Mum bought some preserved vegetable from Shaoxing. It’s called mei cai but is quite different from the type used in Hakka braised pork. This version is slightly fermented and has a lovely pungent, almost loamy mushroomy aroma. I braised using a slightly more Western technique by putting it in the oven for a long, slow braise. This renders out a lot of the fat and makes for soft, yielding meat. It’s up to you if you want to do the hellish job of skimming the fat. I suggest just savouring the dish as is the first time round and put the leftovers in the fridge. The next morning, scrape off the white fat layer from the top.
I have no idea whether this is available outside China, but I suppose you could try using Hakka mei cai or any preserved leafy vegetables. It’s a very simple recipe, so use the best ingredients you can find.
600 g belly pork, skin and fat on
100 g Shaoxing mei cai
1 cup Shaoxing wine
- Preheat oven to 150ºC and heat a casserole dish and lid to heat at the same time.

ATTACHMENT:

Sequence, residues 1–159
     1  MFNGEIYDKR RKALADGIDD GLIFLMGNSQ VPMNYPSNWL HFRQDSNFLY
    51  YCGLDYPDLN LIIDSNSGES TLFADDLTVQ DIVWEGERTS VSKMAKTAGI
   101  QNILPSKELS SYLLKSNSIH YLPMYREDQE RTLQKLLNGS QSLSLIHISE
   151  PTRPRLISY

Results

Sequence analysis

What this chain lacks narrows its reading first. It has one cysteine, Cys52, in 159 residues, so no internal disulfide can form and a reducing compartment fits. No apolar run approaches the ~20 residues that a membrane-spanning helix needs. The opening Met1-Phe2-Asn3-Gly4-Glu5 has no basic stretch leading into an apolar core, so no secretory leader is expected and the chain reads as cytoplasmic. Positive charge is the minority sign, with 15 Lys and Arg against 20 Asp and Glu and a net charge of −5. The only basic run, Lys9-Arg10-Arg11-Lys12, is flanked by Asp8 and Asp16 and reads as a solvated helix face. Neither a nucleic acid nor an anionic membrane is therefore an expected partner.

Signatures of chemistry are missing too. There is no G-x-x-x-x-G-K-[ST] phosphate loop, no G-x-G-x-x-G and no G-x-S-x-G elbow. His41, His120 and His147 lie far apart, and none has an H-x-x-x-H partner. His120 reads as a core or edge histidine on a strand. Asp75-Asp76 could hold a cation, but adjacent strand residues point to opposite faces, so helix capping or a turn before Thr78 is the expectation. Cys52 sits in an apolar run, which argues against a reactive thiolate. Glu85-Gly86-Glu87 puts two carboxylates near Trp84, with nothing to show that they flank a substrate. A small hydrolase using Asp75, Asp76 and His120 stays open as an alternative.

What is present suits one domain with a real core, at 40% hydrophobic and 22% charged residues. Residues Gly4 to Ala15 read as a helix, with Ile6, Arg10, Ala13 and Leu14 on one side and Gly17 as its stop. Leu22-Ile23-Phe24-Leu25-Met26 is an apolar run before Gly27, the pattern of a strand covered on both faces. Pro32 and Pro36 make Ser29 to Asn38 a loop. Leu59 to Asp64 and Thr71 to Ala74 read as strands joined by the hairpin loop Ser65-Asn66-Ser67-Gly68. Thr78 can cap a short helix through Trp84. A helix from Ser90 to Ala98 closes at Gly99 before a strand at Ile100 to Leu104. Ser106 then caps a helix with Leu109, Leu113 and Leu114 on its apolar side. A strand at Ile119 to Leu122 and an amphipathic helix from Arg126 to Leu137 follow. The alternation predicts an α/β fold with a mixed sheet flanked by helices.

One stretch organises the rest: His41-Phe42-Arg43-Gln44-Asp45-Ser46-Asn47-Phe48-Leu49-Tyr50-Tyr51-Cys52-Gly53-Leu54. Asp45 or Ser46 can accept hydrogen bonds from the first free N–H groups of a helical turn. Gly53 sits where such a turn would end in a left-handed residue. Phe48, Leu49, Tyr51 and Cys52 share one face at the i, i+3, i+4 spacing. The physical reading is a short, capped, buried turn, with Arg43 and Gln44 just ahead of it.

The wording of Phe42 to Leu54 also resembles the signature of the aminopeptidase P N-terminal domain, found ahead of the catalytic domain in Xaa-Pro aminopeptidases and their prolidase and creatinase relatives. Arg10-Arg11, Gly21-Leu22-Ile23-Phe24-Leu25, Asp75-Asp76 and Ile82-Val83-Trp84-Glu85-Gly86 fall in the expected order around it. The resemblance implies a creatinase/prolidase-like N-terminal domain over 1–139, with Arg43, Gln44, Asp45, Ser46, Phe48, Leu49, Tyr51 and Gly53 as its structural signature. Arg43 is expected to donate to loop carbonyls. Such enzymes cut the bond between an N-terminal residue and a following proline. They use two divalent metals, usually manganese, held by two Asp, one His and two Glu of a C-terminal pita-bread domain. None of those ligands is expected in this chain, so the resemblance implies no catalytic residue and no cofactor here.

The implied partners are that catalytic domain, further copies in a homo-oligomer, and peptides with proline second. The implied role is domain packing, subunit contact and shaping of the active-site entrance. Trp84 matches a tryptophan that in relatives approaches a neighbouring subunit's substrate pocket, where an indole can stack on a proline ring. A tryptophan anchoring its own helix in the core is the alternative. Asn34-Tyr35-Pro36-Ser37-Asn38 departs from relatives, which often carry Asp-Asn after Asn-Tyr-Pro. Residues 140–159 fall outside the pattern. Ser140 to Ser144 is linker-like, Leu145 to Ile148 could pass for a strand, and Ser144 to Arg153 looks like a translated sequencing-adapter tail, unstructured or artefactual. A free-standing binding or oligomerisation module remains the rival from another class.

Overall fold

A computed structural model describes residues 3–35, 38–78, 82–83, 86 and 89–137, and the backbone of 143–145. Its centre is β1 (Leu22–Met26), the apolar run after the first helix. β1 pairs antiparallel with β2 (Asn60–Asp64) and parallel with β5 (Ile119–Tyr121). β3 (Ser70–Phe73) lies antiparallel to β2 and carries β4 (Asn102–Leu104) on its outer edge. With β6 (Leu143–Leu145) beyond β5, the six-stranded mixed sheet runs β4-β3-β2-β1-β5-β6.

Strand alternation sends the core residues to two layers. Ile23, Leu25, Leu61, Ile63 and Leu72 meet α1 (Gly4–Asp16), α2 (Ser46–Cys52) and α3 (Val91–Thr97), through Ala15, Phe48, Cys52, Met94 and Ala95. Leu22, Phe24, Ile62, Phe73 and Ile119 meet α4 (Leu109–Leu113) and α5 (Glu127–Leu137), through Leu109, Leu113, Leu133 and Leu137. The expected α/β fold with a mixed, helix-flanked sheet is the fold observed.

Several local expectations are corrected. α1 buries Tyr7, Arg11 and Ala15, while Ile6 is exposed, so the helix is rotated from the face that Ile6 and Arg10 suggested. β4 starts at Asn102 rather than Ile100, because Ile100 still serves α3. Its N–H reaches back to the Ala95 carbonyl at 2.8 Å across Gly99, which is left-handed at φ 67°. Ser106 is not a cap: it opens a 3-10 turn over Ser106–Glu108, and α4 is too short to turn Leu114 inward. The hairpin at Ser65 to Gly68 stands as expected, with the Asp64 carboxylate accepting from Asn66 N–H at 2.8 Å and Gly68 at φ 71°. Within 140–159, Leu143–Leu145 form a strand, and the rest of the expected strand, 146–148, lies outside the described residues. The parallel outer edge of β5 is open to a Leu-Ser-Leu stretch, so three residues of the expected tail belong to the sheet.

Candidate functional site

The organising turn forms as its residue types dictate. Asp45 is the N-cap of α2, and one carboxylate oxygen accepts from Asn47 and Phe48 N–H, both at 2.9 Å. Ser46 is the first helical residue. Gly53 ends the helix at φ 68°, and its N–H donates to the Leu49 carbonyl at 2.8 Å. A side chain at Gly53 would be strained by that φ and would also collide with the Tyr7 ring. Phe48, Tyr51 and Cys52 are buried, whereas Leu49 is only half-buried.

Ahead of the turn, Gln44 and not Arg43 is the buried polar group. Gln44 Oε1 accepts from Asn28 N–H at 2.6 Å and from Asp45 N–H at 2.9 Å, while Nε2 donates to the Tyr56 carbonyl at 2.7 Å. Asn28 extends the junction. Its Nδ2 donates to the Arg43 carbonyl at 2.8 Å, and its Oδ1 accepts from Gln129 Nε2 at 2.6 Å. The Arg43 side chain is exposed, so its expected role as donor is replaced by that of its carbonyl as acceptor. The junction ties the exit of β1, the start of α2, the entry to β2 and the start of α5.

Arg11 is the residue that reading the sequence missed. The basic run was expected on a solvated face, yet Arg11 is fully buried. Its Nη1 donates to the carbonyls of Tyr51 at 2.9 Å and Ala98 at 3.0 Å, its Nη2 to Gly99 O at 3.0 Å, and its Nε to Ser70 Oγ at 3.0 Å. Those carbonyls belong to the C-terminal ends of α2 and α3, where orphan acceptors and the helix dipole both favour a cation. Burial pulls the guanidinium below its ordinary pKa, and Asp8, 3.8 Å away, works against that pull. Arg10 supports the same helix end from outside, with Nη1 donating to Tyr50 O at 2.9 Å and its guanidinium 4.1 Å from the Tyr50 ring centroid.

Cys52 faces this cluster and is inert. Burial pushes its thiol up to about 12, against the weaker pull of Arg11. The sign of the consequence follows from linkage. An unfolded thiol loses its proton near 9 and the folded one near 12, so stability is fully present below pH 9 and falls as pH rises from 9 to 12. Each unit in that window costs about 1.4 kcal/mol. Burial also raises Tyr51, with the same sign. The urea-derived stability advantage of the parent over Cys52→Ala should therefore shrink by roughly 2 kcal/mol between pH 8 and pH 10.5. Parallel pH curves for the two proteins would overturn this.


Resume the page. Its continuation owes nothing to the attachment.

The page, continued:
- Cut the pork into large chunks. Make sure you cut against the grain, pretend that you’re cutting out ginormous pieces of siu yok. Pat dry with some kitchen towel, especially the skin part.
- Heat a non-stick frying pan to the hottest you can and sear the pork on all sides, skin side down first. Be very careful as the skin will start to blister and pop and hiss and do all sorts of hair-raising (and hair-singeing) things. Be brave!
- Take out the casserole dish from the oven and transfer the seared pork inside.
- Now off the heat, deglaze the frying pan by pouring the wine in using one swift motion. It will boil but should not spit. Scrape the bottom of the pan so you get all the burnt and good-tasting bits off and pour the lot into the casserole dish.
- Add the mei cai and mix the whole lot around. Top up with some hot water if you need, till it just covers the meat.
- Cover the casserole dish and stick in the oven for three to four hours, depending on how impatient you are. After half an hour or so, check that the braise is bubbling gently. One or two bubbles per second is fine, just make sure it’s not boiling furiously (lower the oven temperature if it is). If you’re bored or very hands on, stir it once or twice during the cooking process.
- It’s done when you can’t wait or till the meat is tender and a lot of the fat has rendered out. Serve with lots of rice.
For two or three people as a main dish.